• Cultural Amnesia

  • Necessary Memories from History and the Arts
  • By: Clive James
  • Narrated by: Clive James
  • Length: 6 hrs and 20 mins
  • Abridged Audiobook
  • Release date: 08-04-2008
  • Language: English
  • Publisher: Pan Macmillan Publishers Ltd.
  • 4.5 out of 5 stars 4.5 (19 ratings)

Publisher's Summary

"In this book can be heard the merest edge of an enormous conversation. As they never were in life, we can imagine the speakers all gathered in some vast room, wearing name tags in case they don't recognize each other (although some recognize each other all too well, and avoid contact). "My heroes and heroines are here. The reader will recognize some of their names, while other names will be more obscure. My intellectual betes noires are here too, and the same division might apply."
An almanac combining a comprehensive survey of modern culture with an annotated index of who-was-who and what-was-what, Cultural Amnesia is Clive James' unique take on the places and the faces that shaped the 20th century.
From Anna Akhmatova to Stefan Zweig, via Charles de Gaulle, Hitler, Thomas Mann and Charlie Chaplin, this varied and unfailingly absorbing book is both story and history, both public memoir and personal record - and provides an essential field-guide to the vast movements of taste, intellect, politics, and delusion that helped to prepare the times we live in now.
©2008 Clive James (P)2008 Macmillan Digital Audio
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Critic Reviews

"Clever, and funny....a wonderful book for a long afternoon in a left-bank cafe, or a transatlantic plane ride." ( The Observer)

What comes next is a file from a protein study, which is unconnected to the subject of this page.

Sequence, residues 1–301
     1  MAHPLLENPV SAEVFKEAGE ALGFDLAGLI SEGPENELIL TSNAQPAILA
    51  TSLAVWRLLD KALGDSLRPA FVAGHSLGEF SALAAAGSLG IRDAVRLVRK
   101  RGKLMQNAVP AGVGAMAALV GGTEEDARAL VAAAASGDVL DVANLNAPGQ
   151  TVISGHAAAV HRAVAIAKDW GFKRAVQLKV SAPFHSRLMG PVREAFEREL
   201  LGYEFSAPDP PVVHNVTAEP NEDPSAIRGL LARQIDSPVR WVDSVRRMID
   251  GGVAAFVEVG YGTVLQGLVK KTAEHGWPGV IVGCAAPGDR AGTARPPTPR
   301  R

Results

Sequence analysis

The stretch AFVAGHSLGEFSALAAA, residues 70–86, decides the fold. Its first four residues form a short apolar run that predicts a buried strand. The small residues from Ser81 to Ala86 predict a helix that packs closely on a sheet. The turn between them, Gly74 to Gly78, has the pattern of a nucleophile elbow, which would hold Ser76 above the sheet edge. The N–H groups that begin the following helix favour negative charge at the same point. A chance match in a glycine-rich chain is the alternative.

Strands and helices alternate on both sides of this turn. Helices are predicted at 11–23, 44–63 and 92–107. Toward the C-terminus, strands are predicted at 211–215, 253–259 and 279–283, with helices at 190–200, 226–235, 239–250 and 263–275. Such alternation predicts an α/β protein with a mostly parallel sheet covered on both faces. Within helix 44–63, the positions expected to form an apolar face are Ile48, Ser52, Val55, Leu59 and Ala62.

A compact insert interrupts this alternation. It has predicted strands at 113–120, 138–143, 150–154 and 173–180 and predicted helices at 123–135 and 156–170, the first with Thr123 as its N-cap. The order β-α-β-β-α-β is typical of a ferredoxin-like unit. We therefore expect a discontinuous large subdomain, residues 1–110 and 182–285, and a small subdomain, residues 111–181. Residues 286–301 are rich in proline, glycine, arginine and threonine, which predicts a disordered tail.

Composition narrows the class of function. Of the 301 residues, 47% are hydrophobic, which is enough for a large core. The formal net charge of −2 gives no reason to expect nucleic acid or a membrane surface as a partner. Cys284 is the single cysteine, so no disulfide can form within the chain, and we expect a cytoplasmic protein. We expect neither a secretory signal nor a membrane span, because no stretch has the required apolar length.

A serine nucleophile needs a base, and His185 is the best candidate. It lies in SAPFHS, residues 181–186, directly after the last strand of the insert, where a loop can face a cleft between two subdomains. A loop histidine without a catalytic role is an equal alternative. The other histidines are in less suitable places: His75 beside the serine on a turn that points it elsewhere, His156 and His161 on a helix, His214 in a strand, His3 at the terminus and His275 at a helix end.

"On virtually every page, there is an arresting sentence, witty or profound." ( Mail on Sunday)
"It's clever, contentious and funny (like its author). His scope is impressive." ( Guardian)
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Regular price: $18.57

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Customer Reviews

Most Helpful
5 out of 5 stars
By Anonymous User on 21-05-2018

Clever Clive

Clive's wit and style is captivating. never a dull moment with this book. highly recommended

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1 out of 5 stars
By Colin Robinson on 03-06-2017

tedious and difficult to wade through

a difficult book to wade through. It have been improved with a different voice actor but I doubt it

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0 of 1 people found this review helpful

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Customer Reviews

Most Helpful
4 out of 5 stars
By Larbi on 18-05-2008

Very enjoyable and well narrated

I'm usually not a big fan of authors' narration of their own work-I usually prefer more professional readings- but Clive James' reading of his own work was excellent and very enjoyable. I found the book fascinating from the preface right through the last essay. I only wish the version were unabridged.

The essays were both thought-provoking and insightful. They have already sent me back to many of the texts discussed with enhanced understanding and appetite.

This was a fascinating addition to my audio library and so engaging I never missed a beat though driving for hours at a time on a long commute.